The U.S. Senate Judiciary Committee approves bill that will force Apple and Google to allow sideloading

The U.S. Senate Judiciary Committee today approved the bipartisan Open App Markets Act. The bill will now head to the Senate floor for a vote. Aiming “to promote competition and reduce gatekeeper power in the app economy, increase choice, improve quality, and reduce costs for consumers,” the bill will force Apple and Google to allow sideloading (alternative app stores) on iOS and Android platforms. 

According to the senators who are sponsoring the bill, Apple and Google have “gatekeeper control” over the two main operating systems on the market as well as their app stores. Therefore, it allows them to wield a significant amount of control on app market terms.

The U.S. Senate Judiciary Committee approves bill that will force Apple and Google to allow sideloading

Antitrust bill approved by the U.S. Senate Judiciary Committee

The Open Market Act argues that Apple and Google enjoy an unfair advantage over competitors because of their ownership of iOS and Android operating systems and imposing anti-competitive policies like charging a commission for all in-app purchases which increase the price of purchases and subscriptions. The bill proposes to allow sideloading on iOS and Android so that consumers have more choices and have to pay less.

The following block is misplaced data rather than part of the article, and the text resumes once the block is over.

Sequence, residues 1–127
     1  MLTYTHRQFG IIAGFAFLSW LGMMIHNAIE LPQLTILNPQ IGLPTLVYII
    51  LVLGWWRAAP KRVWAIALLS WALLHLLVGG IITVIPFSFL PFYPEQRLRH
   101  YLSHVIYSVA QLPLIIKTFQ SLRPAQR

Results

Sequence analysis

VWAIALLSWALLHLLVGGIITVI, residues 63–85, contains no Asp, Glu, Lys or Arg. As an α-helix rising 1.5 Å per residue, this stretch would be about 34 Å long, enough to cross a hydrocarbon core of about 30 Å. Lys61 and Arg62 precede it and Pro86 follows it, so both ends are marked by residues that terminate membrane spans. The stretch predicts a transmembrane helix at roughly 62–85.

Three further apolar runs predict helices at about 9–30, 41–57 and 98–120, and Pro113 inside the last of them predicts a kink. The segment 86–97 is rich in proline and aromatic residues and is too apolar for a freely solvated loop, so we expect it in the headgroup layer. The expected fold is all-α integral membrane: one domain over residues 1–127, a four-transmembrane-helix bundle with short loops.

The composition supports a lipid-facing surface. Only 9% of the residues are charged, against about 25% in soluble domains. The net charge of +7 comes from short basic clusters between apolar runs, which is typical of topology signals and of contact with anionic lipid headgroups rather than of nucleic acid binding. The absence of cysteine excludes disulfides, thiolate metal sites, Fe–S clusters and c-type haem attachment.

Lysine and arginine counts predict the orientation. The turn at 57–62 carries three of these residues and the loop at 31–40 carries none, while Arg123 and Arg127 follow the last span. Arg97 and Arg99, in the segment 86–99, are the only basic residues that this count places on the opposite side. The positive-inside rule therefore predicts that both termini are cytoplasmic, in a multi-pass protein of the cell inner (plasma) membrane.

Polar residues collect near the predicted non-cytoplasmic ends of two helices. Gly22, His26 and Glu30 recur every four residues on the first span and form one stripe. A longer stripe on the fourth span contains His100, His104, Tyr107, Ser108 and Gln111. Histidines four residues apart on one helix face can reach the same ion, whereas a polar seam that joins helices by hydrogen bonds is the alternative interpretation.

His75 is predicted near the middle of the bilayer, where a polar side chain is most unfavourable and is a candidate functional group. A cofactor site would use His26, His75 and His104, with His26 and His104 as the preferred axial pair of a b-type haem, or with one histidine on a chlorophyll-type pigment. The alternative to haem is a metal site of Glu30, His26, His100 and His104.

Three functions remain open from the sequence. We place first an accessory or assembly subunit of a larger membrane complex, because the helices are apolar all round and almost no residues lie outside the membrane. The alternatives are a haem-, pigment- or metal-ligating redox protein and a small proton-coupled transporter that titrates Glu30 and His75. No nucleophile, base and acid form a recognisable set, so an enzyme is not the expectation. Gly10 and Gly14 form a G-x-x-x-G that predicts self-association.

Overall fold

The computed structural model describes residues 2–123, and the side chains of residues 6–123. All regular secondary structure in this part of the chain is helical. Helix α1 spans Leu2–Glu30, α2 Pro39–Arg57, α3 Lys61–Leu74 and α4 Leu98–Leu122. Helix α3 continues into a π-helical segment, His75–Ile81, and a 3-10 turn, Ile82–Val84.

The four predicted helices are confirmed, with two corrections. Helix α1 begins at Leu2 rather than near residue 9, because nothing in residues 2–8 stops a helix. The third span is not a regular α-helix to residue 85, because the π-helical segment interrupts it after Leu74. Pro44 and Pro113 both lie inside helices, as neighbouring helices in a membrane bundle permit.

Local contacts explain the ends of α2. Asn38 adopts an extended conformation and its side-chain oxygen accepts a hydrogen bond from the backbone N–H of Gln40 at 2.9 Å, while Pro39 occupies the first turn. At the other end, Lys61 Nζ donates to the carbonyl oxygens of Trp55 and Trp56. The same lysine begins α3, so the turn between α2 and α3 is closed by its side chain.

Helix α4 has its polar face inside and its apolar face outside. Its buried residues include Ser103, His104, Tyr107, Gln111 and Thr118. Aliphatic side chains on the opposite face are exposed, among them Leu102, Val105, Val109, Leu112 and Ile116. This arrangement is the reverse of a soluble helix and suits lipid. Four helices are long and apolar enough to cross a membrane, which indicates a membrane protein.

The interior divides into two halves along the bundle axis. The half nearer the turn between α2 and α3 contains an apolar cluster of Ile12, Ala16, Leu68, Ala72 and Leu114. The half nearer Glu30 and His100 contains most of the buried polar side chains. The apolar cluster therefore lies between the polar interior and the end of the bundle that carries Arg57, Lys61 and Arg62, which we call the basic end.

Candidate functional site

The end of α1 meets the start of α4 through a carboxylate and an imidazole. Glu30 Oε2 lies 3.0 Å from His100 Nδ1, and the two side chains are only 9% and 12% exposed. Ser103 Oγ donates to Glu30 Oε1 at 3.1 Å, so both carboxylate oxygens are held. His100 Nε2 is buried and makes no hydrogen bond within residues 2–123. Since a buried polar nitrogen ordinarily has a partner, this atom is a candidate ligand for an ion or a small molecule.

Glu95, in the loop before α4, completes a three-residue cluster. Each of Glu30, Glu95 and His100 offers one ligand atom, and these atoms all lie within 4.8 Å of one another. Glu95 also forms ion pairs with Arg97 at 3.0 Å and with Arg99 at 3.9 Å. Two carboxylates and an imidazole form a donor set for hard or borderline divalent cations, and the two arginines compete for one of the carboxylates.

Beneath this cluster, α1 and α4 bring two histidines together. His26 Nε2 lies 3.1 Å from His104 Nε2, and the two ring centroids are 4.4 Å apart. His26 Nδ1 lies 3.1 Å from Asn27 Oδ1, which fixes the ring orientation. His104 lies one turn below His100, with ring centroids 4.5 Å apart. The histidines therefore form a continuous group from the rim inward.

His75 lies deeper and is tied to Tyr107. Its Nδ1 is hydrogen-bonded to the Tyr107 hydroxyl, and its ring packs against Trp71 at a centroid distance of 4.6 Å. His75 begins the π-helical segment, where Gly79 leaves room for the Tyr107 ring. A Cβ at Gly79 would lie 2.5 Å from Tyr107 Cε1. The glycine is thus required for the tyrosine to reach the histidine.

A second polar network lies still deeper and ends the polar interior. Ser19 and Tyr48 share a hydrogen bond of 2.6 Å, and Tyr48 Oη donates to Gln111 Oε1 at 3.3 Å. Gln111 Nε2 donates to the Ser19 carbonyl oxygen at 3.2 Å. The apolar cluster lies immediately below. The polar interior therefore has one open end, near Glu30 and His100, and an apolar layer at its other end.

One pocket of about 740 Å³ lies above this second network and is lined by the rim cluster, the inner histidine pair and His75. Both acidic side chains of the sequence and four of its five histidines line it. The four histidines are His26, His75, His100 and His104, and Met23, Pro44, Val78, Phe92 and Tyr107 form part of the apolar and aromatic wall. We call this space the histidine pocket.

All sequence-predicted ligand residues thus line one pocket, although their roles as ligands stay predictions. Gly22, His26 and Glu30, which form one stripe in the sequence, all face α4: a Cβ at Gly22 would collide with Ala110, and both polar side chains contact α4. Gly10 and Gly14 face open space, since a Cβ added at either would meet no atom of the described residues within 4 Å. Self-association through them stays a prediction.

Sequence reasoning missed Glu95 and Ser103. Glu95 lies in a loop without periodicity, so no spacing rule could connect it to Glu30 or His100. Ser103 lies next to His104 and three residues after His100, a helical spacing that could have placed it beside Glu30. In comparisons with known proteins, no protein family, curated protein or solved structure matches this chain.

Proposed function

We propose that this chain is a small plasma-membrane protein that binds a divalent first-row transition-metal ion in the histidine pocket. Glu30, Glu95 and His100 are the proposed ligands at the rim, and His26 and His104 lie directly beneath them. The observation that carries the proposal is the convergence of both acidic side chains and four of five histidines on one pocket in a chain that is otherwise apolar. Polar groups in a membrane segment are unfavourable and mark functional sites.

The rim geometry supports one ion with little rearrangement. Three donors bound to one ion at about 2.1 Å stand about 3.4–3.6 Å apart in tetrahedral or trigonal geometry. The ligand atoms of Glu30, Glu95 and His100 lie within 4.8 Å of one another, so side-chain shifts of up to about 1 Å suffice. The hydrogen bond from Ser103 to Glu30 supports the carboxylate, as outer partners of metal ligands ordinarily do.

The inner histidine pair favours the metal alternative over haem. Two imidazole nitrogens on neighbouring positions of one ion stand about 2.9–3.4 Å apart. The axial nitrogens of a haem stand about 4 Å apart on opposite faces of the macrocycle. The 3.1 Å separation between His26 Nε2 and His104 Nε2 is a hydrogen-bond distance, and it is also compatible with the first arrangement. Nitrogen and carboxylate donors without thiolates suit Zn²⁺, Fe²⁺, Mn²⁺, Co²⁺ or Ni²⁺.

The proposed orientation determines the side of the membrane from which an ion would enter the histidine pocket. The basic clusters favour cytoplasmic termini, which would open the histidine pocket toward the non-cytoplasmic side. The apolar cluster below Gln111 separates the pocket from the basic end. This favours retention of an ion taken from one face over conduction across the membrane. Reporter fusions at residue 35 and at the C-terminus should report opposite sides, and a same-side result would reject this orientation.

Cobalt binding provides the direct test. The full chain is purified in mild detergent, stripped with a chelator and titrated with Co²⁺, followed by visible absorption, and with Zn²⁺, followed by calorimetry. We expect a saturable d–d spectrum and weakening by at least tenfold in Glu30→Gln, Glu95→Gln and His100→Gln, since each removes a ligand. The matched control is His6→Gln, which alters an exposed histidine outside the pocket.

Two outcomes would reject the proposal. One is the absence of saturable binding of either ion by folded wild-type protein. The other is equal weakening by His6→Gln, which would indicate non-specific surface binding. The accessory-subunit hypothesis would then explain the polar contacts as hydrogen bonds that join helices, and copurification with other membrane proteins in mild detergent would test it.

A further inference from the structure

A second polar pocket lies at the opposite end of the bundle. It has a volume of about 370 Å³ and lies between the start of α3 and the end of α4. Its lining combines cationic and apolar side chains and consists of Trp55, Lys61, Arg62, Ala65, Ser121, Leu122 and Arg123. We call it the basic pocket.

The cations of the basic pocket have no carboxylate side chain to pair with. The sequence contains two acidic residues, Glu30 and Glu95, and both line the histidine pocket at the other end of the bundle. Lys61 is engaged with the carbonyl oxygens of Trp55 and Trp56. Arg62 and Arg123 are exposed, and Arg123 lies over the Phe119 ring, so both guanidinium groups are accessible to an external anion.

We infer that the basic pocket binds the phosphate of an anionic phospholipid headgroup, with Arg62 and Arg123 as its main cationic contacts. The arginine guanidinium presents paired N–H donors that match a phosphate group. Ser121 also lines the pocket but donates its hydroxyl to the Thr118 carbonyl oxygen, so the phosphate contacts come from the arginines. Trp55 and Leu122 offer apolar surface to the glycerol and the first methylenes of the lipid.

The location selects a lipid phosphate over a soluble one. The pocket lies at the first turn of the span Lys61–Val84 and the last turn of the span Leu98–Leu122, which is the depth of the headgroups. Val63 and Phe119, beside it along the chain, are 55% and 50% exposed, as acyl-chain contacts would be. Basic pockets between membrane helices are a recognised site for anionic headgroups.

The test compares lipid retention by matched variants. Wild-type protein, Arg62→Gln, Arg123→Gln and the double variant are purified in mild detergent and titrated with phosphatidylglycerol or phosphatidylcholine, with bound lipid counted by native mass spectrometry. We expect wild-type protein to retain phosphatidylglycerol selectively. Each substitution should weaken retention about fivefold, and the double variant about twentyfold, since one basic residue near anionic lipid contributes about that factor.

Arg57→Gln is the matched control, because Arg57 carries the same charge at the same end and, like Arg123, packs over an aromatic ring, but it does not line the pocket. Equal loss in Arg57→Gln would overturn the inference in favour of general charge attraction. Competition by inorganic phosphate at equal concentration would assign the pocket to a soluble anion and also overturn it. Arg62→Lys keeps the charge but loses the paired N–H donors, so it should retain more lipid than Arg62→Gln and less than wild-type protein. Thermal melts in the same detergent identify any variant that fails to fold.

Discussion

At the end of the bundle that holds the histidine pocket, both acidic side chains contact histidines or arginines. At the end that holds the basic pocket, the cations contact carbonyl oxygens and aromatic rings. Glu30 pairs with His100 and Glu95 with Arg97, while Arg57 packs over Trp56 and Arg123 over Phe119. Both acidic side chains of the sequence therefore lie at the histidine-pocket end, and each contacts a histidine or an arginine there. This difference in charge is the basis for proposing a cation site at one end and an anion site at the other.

The Cupertino tech giant urged the U.S. Senate Judiciary Committee to reject the bill highlighting the dire importance of users’ security and privacy, liability exposure, and more.  Apple’s government affairs head Tim Powderly wrote in a letter sent to the Committee earlier this week.

The company said the bill, S. 2710, would harm user security and privacy, create expansive liability exposure and legal uncertainty, and would deny consumer choice.“We are deeply concerned that the legislation, unless amended, would make it easier for big social media platforms to avoid the pro-consumer practices of Apple’s App Store, and allow them to continue business as usual,” 

“Sideloading would enable bad actors to evade Apple’s privacy and security protections by distributing apps without critical privacy and security checks,” he said. “These provisions would allow malware, scams and data-exploitation to proliferate.”

However, Apple’s argument is not convincing enough. One of the legislators of the bill, Senator Blumenthal previously said that “I found this predatory abuse of Apple and Google so deeply offensive on so many levels. Their power has reached a point where they are impacting the whole economy in stifling and strangling innovation” and the new Open Market law will provide a fair chance to big and small developers to flourish, and give users more choices. 

Last month, the U.S. Senate Judiciary Committee approved the American Innovation and Choice Online Act, another antitrust bill that aims to reduce the power of tech giants like Apple, Google, Amazon, and others to give preference to their own products and services on their platforms.

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About the Author

Asma is an editor at iThinkDifferent with a strong focus on social media, Apple news, streaming services, guides, mobile gaming, app reviews, and more. When not blogging, Asma loves to play with her cat, draw, and binge on Netflix shows.

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